2 that the problem is intractable, thus we present a high-level approach for tackling the problem. We design a heuristic, which is based on three embedding phases: VM mapping, link mapping, and switch mapping. We explicitly include in the core of our heuristic the different data center resources such as switches and storage. Moreover, we clearly distinguish physical servers and network nodes (switches). To increase the chances of successful VDC embedding, our solution includes two features. First, it allows multiple resources of a single VDC request to be embedded in the same physical resource, which is not considered in other proposals. Second, we leverage the coordination between switch mapping and link mapping phases. The rest of this paper is organized as follows. In Section II, we formalize the data center network model and the VDC embedding problem itself. In Section III, we present a general approach for tackling the VDC embedding problem. In Section IV, we propose the particular algorithm for VDC embedding based on coordinated switch and link mapping. In Section V, we present the performance evaluation of the proposed algorithm. Finally, we conclude the paper in Section VI. II. PROBLEM DESCRIPTION We provide now our network model and problem description of the VDC embedding problem. All the notations are shown in Table I and Table II for physical network infrastructure and VDC request respectively. A. Physical Data Center The InP owns a physical data center network, which is modelled as a weighted undirected graph, G p (S p, X p, E p ), where S p is the set of physical servers, X p is the set of physical switches and E p is the set of physical links. We associated with each physical server in S p a set of featured hardware, which typically includes CPU, data storage memory, Graphical Processing Unit (GPU), and fast SRAM memory. A part of each of these hardware can be reserved by a tenant. To preserve the generality of our model, we associate with each physical server s p S p a set of featured capacities c i (s p ), i {1,..., k} where k is the number of different reservable specific hardware capacities. For example, c 1 (s p ) and c 2 (s p ) can refer to CPU and memory capacities respectively. We also keep track of the residual capacity for each hardware after some parts of these hardware have been rented by a tenant. We note c i (s p ) the residual capacity for hardware i {1,..., k}. We also associate with each physical link e p in E p a bandwidth capacity, noted b(e p ), and the residual bandwidth capacity, noted b(e p ). Please note that this capacity can be extended with a subscript in the same manner as for the capacity of physical servers. One of the novelties of our model is that we introduce also resources for switches. We consider each buffer of each switch port and we allows a SP to partially rent each of these buffers. Thus, a SP is able to very precisely adjust packet losses TABLE I NOTATIONS FOR PHYSICAL NETWORK INFRASTRUCTURE. G p (S p, X p, E p ) S p X p E p c i (s p ) c i (s p ) b(e p ) b(e p ) c i (x p ), c i (x p ) The physical network infrastructure set of physical servers set of physical switches set of physical links capacity of hardware i of server s p S p residual capacity of hardware i of server s p S p bandwidth capacity of link e p E p residual bandwidth capacity of link e p E p capacity hardware i (and residual capacity) of switch x p and processing in every port. To simplify, we use the same notations as for the virtual servers, so c i (x p ) is the capacity of the hardware i in the virtual switch x p. B. VDC Request The clients of the InP are entities that would like to reserve a subset of InP s physical infrastructure. We call a VDC request what a tenant wants to reserve. The VDC request is also modelled as a weighted undirected graph, which we note G v (S v, X v, E v ), where S v is the set of VMs, X v is the set of virtual switches and E v is the set of virtual links. G v (S v, X v, E v ) S v X v E v c i (s v ) b(e v ) c i (x v ) TABLE II NOTATIONS FOR VDC REQUEST. VDC request set of virtual machines set of virtual switches set of virtual links capacity of hardware i in VM s v S v bandwidth of virtual link e v (i, j) E v capacity of hardware i in virtual switch x v X v We keep the same notations as for the physical infrastructure for the specific required capacities of VMs and virtual links. C. Objective and Problem Formulation The goal of an InP is basically to maximize its profits through an optimal exploitation of its infrastructure. This objective is related to maximizing the number of VDC requests that are successfully embedded in the physical infrastructure subject to embedding constraints. Another challenge for InP is that tenants do not coordinate to request VDC. Thus, VDC requests do not arrive at the same time. Hence the problem faced by InPs is an online problem where the inputs (here the VDC requests) have to be processed iteratively, without knowledge of the future VDCs. Let consider a VDC request G v, which is received by the InP while a part of its infrastructure has already been reserved. We express in the following the constraints for the embedding of G v. We first have to define the output variables. Let x uv be a set of binary variables for the mapping of equipment u S v (respectively u X v ) into a physical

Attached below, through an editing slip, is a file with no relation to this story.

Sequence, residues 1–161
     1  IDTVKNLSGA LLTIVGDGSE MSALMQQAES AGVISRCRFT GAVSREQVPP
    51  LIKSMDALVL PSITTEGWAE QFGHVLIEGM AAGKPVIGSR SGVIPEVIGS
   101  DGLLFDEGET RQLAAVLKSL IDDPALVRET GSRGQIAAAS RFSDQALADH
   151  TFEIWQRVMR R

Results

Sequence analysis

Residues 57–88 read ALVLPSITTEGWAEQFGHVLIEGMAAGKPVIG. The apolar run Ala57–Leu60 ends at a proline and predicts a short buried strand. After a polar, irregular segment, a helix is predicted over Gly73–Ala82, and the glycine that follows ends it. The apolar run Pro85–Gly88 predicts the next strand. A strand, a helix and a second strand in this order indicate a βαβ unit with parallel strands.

3 server v S p (respectively v X p ). { 1 if u is embedded into v x uv = 0 otherwise Let y (uu )(vv ) be a set of binary variables for the mapping of virtual link (uu ) E v into physical link (vv ) E p. { 1 if (uu ) is embedded into (vv ) y (uu )(vv ) = 0 otherwise An embedding can be done if the following constraints are fulfilled for the mapping of equipments. v S p X p x uv = 1, u S v X v (1) u S v X v x uv c i (u) c i (v), v S p X p, i (2) Constraints (1) ensure that a VM is embedded into one and only one physical server. It also makes sure that all VMs are embedded. Constraints (2) guarantee that the capacities of physical servers are not overused by the embedded VMs. For the link mapping, here are the constraints: (vv ) E p y (uu )(vv ) 1, (uu ) E v (3) (uu ) E v y (uu )(vv ) b((uu )) b((vv )), (vv ) E p (4) Constraints (3) ensure that a virtual link can be mapped to several physical links or a physical path. Constraints (4) guarantee that physical links have enough bandwidth to host embedded virtual links. For one given VDC and one infrastructure configuration, several embeddings can fulfill all above constraints. But some of them succeed in preserving nearby resources for future VDCs although others barely allow the next VDCs to be embedded. The quality of the online embedding algorithm for VDCs directly relates to the capacity of the embedding algorithm to be friendly for the next VDCs. III. ITERATIVE HEURISTICS: MAIN PRINCIPLE Optimization problems for embeddings that include both nodes and links are known to be NP-hard. For practical implementations, heuristics are needed. We discuss in this Section the main principles of an iterative three-steps algorithm for the embedding. We go into the details of our main proposal in Section IV. A. Introducing the Three Phases For the processing of a new VDC G v, an iterative heuristic consists of the three following rounds. Phase I: VMs mapping in this first step, the objective is to map each VM in S v into one physical server. The mapping should respect the constraints (2), that is, the physical server that host a VM should have enough capacity. Various strategies can be implemented. With regard to the following steps, the proximity of the selected physical servers is critical. Phase II: Virtual switches mapping the second step is about mapping each virtual switch in X v to a physical switch. Besides constraints (2), the main idea here is to associate virtual switches to physical ones while taking into account the previous VM mapping. It makes more sense to map a virtual switch between two already embedded VM so that the distance between the chosen physical switch and the physical servers that host the VM is small. Phase III: Virtual links mapping the final step is to map the virtual links into physical links, with respect to constraints (4). Many paths can exist between two physical servers in the real topology. The goal here is to find the paths between the physical servers that host the virtual equipments that are given in E v so that all virtual links can be embedded. paths In this heuristic, each step critically impacts the following steps because the input of each phase depends on the output of the previous phase. Therefore, we have to implement a mechanism that allows to get back to a previous phase if ever one phase cannot be fulfilled. For example, the impossibility to find a mapping for virtual switches does not mean that the whole VDC cannot be embedded. Another VM mapping may enable a successful switch mapping. On the other hands, a heuristic does not explore all possible solutions. A tradeoff should be found between the number of tested solutions allowed by such a retro-mechanism and the efficiency of the whole algorithm, which should be fast. B. A Randomized Heuristic We illustrate the presentation of the iterative heuristic by an example: a simple algorithm based on randomized processes. For each VM, a physical server is randomly picked and if it has the capacity to host the VM, the algorithm processes the next VM, otherwise another physical server is picked. This algorithm iterates on the whole set of VMs until all VMs are successfully mapped. The switch mapping is done in the same manner. Finally, the link mapping is based on a random walk between the endpoints of each virtual links. For this randomized heuristic, it is obvious that some of the mappings, even successful ones, can result in poor mappings, which do not allow the other mapping to be successful. When any phase fails, the retro-mechanism that can be implemented is based on a threshold. We define δ as the maximum times a new mapping can be computed. When any of the phase fails more than δ times, the algorithm stops and rejects the VDC request. IV. OUR HEURISTIC We present now our heuristic. First, we present the rationale of our solutions. Then, we describe our implementations of the three steps.